Harper, Dr. Elizabeth
I grew up in the suburbs of Kansas City but always found a way to discover wild places near my home. Tracking mammals and catching frogs were some of my earliest experiences with wildlife.
After high school I decided to pursue biology at Middlebury College in Vermont. My interactions with the faculty there gave me the opportunity to gain a wide range of research experience from studies of pollination ecology to coral reefs in Panama.
With support from a Watson Fellowship, I spent my first year after graduation traveling to Thailand, Australia, Tanzania and Venezuela to study frogs and develop amphibian field guides.
I continued my research on amphibians as a Ph.D. student at the University of Missouri where I studied the effects of forestry practices on amphibian population dynamics. This project led to a post-doctoral position at SUNY-ESF where I developed computer simulations of amphibian population dynamics and became involved in a second post-doctoral position modeling the population dynamics of Fremont cottonwood populations in California's Central Valley.
Since joining the faculty here at Paul Smith's College, I have enjoyed the opportunity to bring my research experience into the classroom. Our unique setting in a 6 million acre protected area provides a stunning landscape in which to teach about and understand the world around us. I love that I can walk my students out the door for an afternoon lab of mammal trapping or wetland mapping.
I am currently collaborating with the Center for Adirondack Biodiversity, housed on the Paul Smith's campus, to conduct research on climate effects on mink frogs in the Adirondack Park. I also continue to collaborate with colleagues from SUNY-ESF and the University of Idaho on computer simulations of population dynamics and natural resource use.
2007 Ph.D. University of Missouri Ecology and Evolutionary Biology
2001 B.S. Middlebury College Biology
|2012||Patrick, D. A., Harper, E. B., Popescu, D. V., Bozic, Z., Byrne, A., Daub, J., LeCheminant, A., and Pierce
The ecology of the mink frog, Lithobates septentrionalis, in the Adirondack Park, New York, with notes on conducting experimental research. Herpetological Review 43(3): 396-398.
|2011||Harper, E.B., J. Stella, A. Fremier
Global sensitivity analysis for complex ecological models: A case study of riparian cottonwood population dynamics. Ecological Applications 21(4): 1225 – 1240.
|2011||Patrick, D.A., Shirk, P., Vonesh, J.R., Harper, E.B., Howell, K.M.
Abundance and Roosting Ecology of Chameleons in the East Usambara Mountains of Tanzania and the Potential Effects of Harvesting. Herpetological Conservation and Biology 6(3): 422-431.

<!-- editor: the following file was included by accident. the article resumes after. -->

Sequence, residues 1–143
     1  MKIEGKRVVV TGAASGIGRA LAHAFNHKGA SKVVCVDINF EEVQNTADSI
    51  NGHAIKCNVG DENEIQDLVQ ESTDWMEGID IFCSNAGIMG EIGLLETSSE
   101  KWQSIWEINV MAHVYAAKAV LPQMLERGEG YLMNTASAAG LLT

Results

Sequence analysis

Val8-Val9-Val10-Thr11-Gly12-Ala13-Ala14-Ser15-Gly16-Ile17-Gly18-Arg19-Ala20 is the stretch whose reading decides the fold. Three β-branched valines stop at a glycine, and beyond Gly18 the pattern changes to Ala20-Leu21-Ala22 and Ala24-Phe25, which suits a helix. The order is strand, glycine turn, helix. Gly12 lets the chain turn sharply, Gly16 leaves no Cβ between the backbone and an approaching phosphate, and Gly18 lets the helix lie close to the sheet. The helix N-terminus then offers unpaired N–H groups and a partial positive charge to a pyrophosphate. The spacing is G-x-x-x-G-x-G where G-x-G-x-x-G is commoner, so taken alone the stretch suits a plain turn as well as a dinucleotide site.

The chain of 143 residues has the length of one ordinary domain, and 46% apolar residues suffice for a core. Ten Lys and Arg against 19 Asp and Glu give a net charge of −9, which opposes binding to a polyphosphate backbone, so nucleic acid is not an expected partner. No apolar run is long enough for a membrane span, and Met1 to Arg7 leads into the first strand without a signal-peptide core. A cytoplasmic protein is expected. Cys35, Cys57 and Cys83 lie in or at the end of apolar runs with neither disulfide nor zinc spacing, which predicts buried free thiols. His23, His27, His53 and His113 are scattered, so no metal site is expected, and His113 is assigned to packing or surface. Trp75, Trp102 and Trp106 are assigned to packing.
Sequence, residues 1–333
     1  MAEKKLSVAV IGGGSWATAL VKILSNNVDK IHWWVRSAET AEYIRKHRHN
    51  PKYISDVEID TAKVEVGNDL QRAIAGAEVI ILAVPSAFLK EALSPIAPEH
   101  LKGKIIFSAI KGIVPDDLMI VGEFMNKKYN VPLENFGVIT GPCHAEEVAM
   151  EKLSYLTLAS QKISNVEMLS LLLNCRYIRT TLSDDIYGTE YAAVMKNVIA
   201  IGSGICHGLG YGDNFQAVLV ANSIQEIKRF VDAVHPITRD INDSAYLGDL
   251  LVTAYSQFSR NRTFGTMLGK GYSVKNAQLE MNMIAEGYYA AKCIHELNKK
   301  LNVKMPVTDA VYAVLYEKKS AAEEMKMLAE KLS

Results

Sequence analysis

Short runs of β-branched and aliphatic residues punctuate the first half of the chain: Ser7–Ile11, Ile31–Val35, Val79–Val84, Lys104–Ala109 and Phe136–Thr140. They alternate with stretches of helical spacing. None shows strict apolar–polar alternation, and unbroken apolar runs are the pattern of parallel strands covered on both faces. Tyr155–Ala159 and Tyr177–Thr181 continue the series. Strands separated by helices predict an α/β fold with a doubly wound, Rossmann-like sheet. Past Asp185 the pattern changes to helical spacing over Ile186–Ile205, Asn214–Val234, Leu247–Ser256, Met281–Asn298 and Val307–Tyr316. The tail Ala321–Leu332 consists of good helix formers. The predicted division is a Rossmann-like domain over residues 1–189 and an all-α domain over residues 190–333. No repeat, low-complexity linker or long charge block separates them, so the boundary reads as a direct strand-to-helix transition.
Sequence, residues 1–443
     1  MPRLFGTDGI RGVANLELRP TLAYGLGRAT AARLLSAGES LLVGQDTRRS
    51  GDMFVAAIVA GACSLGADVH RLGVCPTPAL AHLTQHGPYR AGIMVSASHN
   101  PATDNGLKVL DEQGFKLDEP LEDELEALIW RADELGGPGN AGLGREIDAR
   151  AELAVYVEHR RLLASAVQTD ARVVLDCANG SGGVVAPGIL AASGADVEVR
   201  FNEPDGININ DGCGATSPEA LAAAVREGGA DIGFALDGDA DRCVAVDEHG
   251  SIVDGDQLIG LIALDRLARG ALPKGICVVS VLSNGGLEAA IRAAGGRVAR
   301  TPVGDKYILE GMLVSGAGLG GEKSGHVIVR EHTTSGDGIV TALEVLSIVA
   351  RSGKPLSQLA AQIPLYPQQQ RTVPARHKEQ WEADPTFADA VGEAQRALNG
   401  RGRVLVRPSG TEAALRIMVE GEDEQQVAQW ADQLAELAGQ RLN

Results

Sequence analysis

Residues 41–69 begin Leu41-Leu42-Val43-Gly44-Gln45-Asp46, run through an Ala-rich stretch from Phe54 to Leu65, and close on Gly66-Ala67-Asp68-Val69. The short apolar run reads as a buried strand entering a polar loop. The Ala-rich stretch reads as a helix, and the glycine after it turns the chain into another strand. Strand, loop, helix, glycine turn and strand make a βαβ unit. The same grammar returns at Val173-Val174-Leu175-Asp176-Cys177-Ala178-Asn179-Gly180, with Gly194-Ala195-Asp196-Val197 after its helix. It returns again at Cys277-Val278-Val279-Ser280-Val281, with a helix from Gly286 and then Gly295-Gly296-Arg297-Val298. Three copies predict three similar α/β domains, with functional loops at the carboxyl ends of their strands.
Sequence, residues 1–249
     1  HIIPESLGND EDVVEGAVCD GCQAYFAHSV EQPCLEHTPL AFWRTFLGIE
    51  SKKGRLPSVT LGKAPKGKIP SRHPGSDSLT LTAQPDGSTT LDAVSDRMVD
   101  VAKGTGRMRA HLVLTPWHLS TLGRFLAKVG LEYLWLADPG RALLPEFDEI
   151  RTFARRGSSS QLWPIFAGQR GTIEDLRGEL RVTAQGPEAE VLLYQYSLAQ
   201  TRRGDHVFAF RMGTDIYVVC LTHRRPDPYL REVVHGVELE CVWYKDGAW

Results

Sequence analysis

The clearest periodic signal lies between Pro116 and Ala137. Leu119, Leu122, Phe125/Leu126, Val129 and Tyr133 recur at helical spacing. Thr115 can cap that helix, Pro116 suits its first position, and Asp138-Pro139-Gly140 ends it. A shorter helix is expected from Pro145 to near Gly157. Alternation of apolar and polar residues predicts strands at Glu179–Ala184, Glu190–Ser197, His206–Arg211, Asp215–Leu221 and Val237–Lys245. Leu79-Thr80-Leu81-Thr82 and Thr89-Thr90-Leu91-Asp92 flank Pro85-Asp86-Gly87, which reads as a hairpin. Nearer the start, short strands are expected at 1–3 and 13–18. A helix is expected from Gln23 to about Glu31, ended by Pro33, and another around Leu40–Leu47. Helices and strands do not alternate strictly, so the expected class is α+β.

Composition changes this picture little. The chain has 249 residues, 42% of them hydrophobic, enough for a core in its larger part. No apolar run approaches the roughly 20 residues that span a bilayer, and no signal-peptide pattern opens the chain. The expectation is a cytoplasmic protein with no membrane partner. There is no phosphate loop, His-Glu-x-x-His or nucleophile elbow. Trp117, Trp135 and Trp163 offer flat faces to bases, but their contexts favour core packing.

|2010||Harper, E. B., Measey, G. J., Patrick, D. A., Menegon, M., and Vonesh, J. R.
Field guide to the amphibians of the Eastern Arc Mountains and Coastal Forests of Tanzania and Kenya. Camerapix Publishers International.
|2009||Harper, E.B., J.H.K Pechmann, and J.W. Petranka
Field enclosures and terrestrial cages. (pg. 203 – 226) In: C.K. Dodd, Jr. (ed.) Amphibian Ecology and Conservation: A Handbook of Techniques. Oxford University Press.
|2009||Semlitsch, R.D., S.M. Blomquist, A.J.K. Calhoun, J.W. Gibbons, J.P. Gibbs, G.J.Graeter, E.B. Harper, D.J. Hocking, M.L. Hunter, Jr., D.A. Patrick, T.A.G. Rittenhouse, B.B. Rothermel, and B.D. Todd
Effects of timber management on amphibian populations: Understanding mechanisms from forest experiments. BioScience 59(10):853 - 862.
|2008||Rittenhouse, T. A. G., E. B. Harper, L. R. Rehard, and R. D. Semlitsch
The role of microhabitats in the desiccation and survival of amphibians in recently harvested oak-hickory forest. Copeia 2008(4):807 - 814.
|2008||Harper, E.B., Rittenhouse, T.A.G., and Semlitsch, R.D.
Demographic consequences of terrestrial habitat loss for pool-breeding amphibians: predicting extinction risks associated with inadequate buffer zone size. Conservation Biology 22(5):1205 – 1215.
|2008||Patrick, D. A., E. B. Harper, M. L. Hunter, Jr., and A. J. K. Calhoun
Terrestrial habitat selection and strong density-dependent mortality in recently metamorphosed amphibians. Ecology. 89(8):2563 – 2574
|2008||Hocking, D.J., Rittenhouse, T.A.G., Rothermel, B.B., Johnson, J.R., Conner, C.A., Harper, E.B., Semlitsch, R.D.
Breeding and recruitment phenology of amphibians in Missouri oak-hickory forests. American Midland Naturalist. 160:41 – 60.
|2008||Semlitsch, R.D., Conner, C.A., Hocking, D.J., Rittenhouse, T.A.G., and Harper, E.B.
Effects of timber harvesting on pond-breeding amphibian persistence: testing the evacuation hypothesis. Ecological Applications. 18(2):283 – 289.
|2007||Harper, E. B., and R.D. Semlitsch.
Terrestrial stage density-dependence in the complex life cycle of two anurans. Oecologia. 153: 879 – 889.
BIO 210 General Ecology
FWS 101 Introduction to Fisheries and Wildlife Labs
FWS 105 Introduction to Wildlife Management
FWS 470 Wildlife Management
SUS 101 Ecological Foundations of Sustainability